p.s. I don’t condone the use of drugs.

p.p.s. Not crystal meth, anyway.

p.p.s.s. Not that I’ve had it.

p.p.p.s.s. I’m going to stop here before I get myself in trouble. (Actually, I’m going to stop here because I don’t know if p.p.p.s.s. is correct and I can’t be bothered to look it up.)

a Rafflecopter giveaway

Many thanks to Tofuture for providing the prizes. For more information about Tofuture, their tofu press or their tofu making kit, visit the Tofuture website. They’re also holding their own competition to win one of their presses, which you can check out here. If you can’t wait to get your hands on one of these presses, you can:

a) buy one direct from the Tofuture website for £25; or

b) buy one on Amazon for £25.

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Riverford Recipe Box Review & Giveaway

Back in November, I reviewed Riverford’s vegetarian recipe box. The meals were tasty, quick to prepare and didn’t create much washing up, so when Riverford asked if I’d like to try another recipe box, I wasn’t about to turn it down.

Along with Riverford’s usual recipe boxes are boxes created by guest chefs. The latest chefs to be featured are twins David and Stephen Flynn, who own The Happy Pear shop, cafe and restaurant in Co. Wicklow, and it was this recipe box Riverford sent me to review.

The ingredients for the Mexican leek and black bean chilli
The ingredients for the Mexican leek and black bean chilli

As with all Riverford recipe boxes, everything you need is sent to you in one big box – all the fresh, organic, seasonal vegetables, tinned goods (tomatoes, beans, coconut milk, etc.), with all the herbs and spices pre-measured. Recipe cards with preparation and cooking time and step-by-step instructions are included. You really can’t go wrong with a recipe box.

Happy Pear Mexican leek and black bean chilli
Happy Pear Mexican leek and black bean chilli

The first recipe I made was a Mexican leek and black bean chilli. The recipe card said it would take me 25 minutes to prepare and cook and as I had a cold and really couldn’t be bothered to cook anything, it sounded perfect.

This vegetarian (it had honey in it, otherwise it would have been vegan) chilli was definitely a good choice for a lazy day as it didn’t require much more than a bit of chopping then chucking everything in a pan and letting it simmer for a bit. It made far more than two servings – I served the chilli on top of jacket potatoes and there was enough left over for another two servings.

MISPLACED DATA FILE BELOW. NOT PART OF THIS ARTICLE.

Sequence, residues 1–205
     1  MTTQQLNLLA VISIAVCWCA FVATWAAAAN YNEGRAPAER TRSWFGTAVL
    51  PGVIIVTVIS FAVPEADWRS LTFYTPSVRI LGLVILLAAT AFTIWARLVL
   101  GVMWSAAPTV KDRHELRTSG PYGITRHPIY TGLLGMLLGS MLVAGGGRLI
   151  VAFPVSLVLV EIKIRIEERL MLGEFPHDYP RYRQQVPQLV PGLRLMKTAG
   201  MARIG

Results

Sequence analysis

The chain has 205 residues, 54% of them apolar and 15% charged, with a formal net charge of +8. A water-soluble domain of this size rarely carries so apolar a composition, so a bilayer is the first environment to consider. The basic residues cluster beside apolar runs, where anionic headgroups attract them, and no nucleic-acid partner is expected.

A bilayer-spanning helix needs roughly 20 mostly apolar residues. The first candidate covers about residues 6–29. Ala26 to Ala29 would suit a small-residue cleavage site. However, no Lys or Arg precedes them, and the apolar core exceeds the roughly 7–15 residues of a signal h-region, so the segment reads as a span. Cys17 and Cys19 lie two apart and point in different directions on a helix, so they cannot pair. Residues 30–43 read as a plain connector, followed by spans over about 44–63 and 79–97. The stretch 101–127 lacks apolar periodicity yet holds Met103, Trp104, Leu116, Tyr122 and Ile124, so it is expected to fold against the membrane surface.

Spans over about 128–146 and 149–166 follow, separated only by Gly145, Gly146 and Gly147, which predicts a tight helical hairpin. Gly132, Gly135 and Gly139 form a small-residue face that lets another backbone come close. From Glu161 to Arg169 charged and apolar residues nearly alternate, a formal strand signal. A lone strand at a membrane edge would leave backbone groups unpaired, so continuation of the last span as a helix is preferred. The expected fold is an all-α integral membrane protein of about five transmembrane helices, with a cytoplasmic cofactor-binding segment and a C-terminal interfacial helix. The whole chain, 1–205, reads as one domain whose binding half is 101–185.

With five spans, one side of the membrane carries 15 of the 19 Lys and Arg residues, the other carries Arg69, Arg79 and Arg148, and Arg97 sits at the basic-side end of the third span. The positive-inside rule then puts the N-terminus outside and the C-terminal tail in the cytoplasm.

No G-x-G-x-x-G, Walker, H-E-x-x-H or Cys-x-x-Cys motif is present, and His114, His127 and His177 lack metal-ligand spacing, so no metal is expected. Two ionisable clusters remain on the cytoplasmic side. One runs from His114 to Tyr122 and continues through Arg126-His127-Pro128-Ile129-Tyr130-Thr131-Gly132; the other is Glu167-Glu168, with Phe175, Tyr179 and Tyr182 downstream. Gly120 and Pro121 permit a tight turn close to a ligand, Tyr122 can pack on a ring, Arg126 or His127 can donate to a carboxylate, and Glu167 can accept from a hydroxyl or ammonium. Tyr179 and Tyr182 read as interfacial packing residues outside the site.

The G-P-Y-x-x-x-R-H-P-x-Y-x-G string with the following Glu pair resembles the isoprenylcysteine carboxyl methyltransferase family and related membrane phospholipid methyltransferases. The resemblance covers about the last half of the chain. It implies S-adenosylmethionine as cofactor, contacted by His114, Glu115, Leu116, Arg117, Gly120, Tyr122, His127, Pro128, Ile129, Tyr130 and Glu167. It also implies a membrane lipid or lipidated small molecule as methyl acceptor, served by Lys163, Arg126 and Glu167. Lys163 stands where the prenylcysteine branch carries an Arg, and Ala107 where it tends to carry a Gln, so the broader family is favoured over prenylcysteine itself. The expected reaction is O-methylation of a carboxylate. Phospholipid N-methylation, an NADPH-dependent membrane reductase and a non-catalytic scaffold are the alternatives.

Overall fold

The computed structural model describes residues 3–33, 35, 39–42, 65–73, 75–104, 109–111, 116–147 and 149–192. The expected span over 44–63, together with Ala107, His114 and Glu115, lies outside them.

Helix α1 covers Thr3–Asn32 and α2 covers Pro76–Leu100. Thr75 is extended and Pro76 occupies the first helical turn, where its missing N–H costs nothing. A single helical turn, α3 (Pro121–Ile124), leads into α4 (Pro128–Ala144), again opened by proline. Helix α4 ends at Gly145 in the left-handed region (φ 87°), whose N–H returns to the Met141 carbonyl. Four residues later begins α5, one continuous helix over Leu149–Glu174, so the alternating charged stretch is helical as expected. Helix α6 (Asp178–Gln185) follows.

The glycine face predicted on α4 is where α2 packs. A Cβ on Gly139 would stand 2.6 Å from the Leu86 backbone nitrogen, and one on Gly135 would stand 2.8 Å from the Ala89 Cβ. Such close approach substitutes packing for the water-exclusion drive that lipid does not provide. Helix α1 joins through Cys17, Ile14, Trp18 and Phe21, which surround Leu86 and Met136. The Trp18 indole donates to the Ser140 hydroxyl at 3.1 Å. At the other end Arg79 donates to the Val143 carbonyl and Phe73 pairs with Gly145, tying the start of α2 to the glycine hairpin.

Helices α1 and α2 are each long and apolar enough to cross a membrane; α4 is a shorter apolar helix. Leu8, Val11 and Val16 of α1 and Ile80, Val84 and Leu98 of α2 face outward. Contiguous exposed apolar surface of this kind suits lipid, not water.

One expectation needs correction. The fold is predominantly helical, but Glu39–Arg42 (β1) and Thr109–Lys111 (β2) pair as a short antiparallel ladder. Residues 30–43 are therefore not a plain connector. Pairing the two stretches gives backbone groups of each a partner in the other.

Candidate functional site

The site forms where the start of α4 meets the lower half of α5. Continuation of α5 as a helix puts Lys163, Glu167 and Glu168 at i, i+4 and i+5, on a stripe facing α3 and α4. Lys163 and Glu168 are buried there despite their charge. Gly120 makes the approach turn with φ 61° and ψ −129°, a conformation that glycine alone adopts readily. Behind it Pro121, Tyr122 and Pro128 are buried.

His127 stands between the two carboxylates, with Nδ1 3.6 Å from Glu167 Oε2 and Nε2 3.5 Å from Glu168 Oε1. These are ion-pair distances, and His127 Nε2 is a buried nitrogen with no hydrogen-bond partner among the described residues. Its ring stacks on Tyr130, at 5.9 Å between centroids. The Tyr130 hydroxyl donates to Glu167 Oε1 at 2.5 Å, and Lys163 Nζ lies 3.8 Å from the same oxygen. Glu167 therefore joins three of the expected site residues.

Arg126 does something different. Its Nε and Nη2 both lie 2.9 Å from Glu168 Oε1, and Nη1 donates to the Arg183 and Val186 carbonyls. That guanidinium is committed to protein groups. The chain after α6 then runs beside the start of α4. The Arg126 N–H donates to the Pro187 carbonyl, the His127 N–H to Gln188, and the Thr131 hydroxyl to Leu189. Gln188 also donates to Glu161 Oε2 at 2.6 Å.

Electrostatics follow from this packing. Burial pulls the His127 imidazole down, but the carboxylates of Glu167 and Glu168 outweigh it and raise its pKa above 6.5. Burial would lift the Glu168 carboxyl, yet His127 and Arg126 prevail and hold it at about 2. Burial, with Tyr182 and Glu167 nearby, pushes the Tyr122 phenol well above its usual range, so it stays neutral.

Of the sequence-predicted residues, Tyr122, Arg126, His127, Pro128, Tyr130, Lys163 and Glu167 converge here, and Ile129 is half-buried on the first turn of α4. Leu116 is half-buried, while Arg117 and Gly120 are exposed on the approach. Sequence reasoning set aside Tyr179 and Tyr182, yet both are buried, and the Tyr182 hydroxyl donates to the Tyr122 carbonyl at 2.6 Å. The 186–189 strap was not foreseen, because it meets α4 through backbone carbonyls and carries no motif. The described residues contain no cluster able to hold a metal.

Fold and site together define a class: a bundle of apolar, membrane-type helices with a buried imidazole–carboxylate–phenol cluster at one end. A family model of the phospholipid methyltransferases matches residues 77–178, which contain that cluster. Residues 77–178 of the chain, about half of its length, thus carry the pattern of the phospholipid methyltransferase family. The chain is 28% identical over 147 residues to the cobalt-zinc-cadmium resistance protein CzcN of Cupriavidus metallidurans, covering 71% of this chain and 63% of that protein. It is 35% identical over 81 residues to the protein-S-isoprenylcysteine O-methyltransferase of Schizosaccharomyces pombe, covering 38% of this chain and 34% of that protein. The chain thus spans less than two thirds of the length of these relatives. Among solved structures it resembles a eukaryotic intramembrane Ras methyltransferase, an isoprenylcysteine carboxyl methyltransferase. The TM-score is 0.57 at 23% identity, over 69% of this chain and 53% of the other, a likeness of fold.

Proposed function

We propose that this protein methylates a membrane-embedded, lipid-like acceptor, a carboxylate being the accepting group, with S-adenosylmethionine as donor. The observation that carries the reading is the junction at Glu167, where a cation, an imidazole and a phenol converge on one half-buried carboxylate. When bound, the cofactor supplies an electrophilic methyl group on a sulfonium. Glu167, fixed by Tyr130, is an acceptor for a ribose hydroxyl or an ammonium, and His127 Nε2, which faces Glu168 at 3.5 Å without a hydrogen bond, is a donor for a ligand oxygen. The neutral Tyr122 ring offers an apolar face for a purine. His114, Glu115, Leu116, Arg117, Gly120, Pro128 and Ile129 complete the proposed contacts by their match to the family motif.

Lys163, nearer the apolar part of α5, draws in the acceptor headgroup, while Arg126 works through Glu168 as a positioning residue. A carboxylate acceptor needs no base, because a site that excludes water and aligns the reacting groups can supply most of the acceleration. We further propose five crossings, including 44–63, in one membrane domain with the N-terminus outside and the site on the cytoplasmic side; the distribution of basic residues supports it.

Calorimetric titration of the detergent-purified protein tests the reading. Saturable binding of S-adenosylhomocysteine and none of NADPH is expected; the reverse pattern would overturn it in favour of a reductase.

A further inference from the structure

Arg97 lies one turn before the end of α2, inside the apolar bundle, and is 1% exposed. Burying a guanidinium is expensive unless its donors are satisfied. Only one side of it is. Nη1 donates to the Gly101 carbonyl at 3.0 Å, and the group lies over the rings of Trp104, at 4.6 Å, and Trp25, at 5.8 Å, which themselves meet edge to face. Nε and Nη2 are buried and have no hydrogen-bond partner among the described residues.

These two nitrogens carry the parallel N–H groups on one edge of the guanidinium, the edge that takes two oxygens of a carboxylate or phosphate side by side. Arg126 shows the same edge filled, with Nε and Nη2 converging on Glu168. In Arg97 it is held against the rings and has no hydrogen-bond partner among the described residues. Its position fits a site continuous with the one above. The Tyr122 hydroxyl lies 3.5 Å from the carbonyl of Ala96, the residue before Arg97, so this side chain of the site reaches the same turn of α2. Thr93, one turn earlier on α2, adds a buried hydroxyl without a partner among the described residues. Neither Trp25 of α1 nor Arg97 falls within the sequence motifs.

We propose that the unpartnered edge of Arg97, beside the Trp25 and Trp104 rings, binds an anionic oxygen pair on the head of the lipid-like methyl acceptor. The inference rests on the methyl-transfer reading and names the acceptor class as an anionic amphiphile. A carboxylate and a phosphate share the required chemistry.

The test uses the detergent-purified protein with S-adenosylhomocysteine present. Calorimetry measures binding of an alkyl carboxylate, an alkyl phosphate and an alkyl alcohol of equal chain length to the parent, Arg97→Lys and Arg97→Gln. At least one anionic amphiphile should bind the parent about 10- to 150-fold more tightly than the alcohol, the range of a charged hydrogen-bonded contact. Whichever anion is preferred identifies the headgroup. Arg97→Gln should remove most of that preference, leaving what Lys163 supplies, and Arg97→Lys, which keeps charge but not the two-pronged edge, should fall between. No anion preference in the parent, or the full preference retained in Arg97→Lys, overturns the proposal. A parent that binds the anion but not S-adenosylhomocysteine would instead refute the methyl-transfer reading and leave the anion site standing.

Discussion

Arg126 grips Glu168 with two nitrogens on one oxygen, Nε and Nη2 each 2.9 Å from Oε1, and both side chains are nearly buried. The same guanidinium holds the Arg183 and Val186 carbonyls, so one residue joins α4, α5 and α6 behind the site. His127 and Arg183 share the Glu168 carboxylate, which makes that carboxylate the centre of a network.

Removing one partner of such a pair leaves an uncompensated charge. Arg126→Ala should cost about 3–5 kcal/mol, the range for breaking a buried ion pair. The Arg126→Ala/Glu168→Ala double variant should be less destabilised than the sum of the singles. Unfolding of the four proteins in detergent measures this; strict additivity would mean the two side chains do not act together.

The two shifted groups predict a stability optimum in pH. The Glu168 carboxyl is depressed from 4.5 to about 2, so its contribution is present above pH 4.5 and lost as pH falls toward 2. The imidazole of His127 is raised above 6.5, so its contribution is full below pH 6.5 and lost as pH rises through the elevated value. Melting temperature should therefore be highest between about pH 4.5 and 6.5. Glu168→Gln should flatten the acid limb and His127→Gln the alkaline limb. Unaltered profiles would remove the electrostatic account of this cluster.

Happy Pear Spanish chickpea and potato bake
Happy Pear Spanish chickpea and potato bake

I must have been feeling livelier the next day as according to the recipe card, this vegetarian (easily veganised by leaving out the honey and cheese) Spanish chickpea and potato bake with sundried tomato pesto would take 70 minutes to prepare and cook. Given how slow a cook I am, I took this to mean two hours, so I started it early.

Again, the recipe card said it served two but it was huge and could easily serve four. I thought the Happy Pear guys must be the size of the Two Fat Ladies or The Hairy Bikers but, nope, there’s not an ounce of fat on either of them.

This chickpea and potato bake came with a beetroot and pumpkin seed salad but I had it with my own vegetables instead.

Happy Pear puy lentil coconut dahl
Happy Pear puy lentil coconut dahl

Unfortunately, the last recipe of puy lentil coconut dahl was a bit of a disaster. In the instructions, it says to add more water if the dahl is becoming too thick but it should be reasonably dry. I could have left this to simmer for a year and it still wouldn’t have reduced down to ‘reasonably dry’; it was swimming in liquid.

I’d like to say that despite the wateryness of it, the vegetables and lentils were tasty enough but I’d be lying. To be fair, the potatoes were okay but the lentils didn’t do anything for me.

Still, two meals enjoyed out of the three isn’t bad (and because the portions were so large, I’ve got enough leftovers to heat up and have again another day) and on the whole I’d definitely recommend the Riverford recipe boxes. They’re tasty, healthy and easy to make.

The Happy Pear recipe boxes were for a limited time only and are now no longer available. However, the usual Riverford recipe boxes are available in:

  • Vegetarian
  • Original
  • Quick

For current prices and more information, visit the Riverford Recipe Box page on their website.

Win a Riverford Recipe Box

If you’d like to win a Riverford recipe box of your choice, enter my giveaway via the Rafflecopter widget below. Good luck!

Please note: Although Riverford deliver to lots of locations around the UK, they don’t deliver everywhere, so you might want to check they deliver to you before entering the giveaway to avoid any disappointment, as there is no cash alternative.